The Connection Between Good Data Management and Enterprise Agility

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Click to learn more about author Russ Ernst.

The word “agile” is defined in one dictionary as “quick and well-coordinated in movement; lithe.” During the last two years, however, the word has taken on an entirely different meaning for companies navigating the complexities of a pandemic. As the realities of a highly contagious virus set in and hundreds of thousands of employees began to work from home, IT departments found themselves rushing to equip newly remote workforces with computers, laptops, and smartphones.


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Of course, much more needed to be done than simply handing out equipment. Forward-thinking enterprises also quickly embraced and put in place new operational, IT, and employee policies. Their agility has allowed them to maintain a high-efficiency, high-output workforce that runs leaner and meaner.

As company executives now chart the course for post-pandemic recovery, many are considering whether to continue operating with a remote workforce or bring employees back to their corporate desks. Some organizations are embracing a hybrid option that allows for a split between remote and in-office work. Whatever they decide, businesses will still need to keep that agile mindset – especially when it comes to determining how to manage critical data assets.

Corralling Enterprise Data

One consequence of pandemic-driven work-from-home scenarios is that critical enterprise data is more likely to be spread across and stored in many more places – home and office computers, an employee’s personal devices, in the cloud – than pre-COVID-19. And although Data Management and data retention policies may not be top of mind for organizations right now, they should be. The lack of attention to these policies is short-sighted and could come back to haunt companies, especially if a data breach exposes personal customer data that could result in costly fines or even lawsuits.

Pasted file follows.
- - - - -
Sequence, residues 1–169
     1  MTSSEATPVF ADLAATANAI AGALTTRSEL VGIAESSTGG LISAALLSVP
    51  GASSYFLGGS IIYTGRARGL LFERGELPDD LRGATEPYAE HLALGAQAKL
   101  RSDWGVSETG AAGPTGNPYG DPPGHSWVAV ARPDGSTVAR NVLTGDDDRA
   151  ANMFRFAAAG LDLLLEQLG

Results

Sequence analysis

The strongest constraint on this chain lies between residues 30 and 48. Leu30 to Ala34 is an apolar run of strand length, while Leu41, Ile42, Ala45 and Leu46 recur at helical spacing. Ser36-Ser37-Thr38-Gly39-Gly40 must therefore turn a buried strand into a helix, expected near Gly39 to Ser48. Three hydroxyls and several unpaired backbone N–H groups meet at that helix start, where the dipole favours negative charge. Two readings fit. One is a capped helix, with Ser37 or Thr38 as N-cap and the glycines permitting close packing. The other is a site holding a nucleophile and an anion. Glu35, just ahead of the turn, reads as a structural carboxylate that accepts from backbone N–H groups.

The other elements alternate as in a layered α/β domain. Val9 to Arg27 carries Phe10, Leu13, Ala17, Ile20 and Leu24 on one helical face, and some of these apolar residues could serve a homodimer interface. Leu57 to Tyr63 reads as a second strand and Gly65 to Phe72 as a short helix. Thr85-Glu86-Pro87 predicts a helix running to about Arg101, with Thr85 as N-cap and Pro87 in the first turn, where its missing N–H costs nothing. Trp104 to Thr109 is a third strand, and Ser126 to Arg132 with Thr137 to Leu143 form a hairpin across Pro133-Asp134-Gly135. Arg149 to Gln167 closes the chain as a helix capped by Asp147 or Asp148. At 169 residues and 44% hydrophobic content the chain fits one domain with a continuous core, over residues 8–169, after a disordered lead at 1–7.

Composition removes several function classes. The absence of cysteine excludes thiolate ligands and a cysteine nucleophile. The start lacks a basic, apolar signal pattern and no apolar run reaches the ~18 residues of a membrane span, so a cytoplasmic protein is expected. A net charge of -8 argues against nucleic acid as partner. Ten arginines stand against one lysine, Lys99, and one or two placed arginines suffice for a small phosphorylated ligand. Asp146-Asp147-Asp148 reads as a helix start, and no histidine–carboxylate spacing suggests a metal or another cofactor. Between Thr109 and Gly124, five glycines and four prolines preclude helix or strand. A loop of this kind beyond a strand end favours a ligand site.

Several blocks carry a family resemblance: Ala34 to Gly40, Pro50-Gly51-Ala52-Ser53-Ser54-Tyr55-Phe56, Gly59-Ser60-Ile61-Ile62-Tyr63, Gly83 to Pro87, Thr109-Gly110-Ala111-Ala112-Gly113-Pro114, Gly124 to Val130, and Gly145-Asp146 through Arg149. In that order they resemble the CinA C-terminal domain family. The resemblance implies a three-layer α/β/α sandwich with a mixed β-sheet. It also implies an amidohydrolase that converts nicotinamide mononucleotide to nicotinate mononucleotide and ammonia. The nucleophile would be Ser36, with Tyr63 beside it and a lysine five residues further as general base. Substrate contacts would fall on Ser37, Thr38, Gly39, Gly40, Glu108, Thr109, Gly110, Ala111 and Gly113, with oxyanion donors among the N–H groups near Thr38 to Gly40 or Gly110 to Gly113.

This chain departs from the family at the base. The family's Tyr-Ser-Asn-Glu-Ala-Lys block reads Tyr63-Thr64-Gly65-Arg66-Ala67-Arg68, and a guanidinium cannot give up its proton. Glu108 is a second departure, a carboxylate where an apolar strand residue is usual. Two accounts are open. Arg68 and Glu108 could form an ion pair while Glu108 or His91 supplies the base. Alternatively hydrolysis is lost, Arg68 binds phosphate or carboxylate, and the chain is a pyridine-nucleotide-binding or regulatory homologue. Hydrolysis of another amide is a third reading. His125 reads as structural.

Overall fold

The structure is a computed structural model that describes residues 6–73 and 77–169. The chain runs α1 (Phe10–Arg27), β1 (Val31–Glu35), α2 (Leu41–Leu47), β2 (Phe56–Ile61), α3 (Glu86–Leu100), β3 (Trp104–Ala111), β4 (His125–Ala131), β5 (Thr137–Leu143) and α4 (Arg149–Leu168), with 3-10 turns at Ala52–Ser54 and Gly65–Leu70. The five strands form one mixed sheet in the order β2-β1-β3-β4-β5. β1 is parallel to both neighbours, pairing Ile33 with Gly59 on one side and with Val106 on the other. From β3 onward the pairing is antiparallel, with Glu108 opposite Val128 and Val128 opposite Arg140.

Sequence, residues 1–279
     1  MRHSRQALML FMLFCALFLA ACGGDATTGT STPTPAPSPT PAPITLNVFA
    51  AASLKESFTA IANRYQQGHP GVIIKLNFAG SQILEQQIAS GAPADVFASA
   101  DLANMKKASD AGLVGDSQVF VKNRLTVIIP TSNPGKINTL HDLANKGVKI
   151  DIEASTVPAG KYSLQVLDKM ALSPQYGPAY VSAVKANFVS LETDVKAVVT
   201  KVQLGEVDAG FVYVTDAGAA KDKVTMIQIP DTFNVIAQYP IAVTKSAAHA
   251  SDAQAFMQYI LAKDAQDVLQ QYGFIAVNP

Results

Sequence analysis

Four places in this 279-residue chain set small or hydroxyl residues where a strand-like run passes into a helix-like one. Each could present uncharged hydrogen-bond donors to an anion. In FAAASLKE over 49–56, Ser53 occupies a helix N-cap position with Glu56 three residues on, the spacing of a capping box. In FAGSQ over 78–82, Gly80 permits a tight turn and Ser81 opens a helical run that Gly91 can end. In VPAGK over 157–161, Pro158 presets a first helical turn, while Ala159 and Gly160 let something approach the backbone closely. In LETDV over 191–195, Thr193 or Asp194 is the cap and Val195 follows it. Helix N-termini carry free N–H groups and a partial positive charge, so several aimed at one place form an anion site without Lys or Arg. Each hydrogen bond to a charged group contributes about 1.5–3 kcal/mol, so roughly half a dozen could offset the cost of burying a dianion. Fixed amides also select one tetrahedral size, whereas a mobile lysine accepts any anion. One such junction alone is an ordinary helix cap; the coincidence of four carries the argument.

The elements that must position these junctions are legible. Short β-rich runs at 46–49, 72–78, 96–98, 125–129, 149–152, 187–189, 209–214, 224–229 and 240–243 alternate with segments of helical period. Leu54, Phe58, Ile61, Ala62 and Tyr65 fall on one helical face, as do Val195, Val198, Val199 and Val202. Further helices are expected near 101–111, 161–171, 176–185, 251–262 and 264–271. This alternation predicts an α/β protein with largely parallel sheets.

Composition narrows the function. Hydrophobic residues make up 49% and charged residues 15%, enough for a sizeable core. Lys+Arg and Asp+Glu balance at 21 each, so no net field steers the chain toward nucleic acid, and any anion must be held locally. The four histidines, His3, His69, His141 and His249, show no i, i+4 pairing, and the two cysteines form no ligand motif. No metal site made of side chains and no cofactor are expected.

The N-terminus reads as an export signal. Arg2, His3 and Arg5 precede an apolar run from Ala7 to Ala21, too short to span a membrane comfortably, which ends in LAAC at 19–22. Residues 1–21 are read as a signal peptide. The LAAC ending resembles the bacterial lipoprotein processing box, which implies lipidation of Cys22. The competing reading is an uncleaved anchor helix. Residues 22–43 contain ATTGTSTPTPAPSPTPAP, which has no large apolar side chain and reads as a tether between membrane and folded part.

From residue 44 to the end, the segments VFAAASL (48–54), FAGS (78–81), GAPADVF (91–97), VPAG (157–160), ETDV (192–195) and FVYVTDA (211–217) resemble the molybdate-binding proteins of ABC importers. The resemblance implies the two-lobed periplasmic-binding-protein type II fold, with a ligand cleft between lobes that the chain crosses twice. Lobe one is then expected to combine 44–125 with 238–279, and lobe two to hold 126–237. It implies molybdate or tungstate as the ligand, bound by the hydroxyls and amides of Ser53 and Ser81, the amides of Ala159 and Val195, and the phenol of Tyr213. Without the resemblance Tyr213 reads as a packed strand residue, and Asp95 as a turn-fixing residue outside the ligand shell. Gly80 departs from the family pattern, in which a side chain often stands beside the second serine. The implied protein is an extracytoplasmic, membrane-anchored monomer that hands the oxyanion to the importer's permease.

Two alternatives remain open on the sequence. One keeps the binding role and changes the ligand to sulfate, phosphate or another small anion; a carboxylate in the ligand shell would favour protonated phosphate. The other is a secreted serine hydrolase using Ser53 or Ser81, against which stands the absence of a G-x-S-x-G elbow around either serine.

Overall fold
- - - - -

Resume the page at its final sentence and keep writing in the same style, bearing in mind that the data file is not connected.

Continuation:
In other words, a big challenge that companies must grapple with now as they realize that there is no “new normal” but just a continuation of a very fluid and uncertain situation is how to balance a more flexible, agile workplace with stringent Data Management policies and a secure-data culture. The desire to be agile must never supersede data security.

Updating Data Policies

Accommodating this balance begins with IT managers, who should ensure they employ the following four strategies to make sure their Data Management and retention policies are up to date and meet the moment:

1. Do not put data retention policies on the back burner. While the data being generated now isn’t drastically different than prior to 2020, the way it is created and stored is likely much different. With employees working from home, or outside of the office and off the company domain, more files are being stored locally or saved to a local disk versus on the corporate network or via file share. This hodgepodge approach to document management is why IT managers should not procrastinate on addressing the volumes of data that have been created both in and out of the office. If data retention policies are not modernized to address the hybrid nature of work, organizations will find themselves facing a high level of data chaos when corporate data is stored locally on home computers, in file sharing apps, on office servers, and in a myriad of public and private clouds. IT managers must assess the location and type of data that’s been piling up and make sure the data is secured through stringent endpoint security and regular back-ups.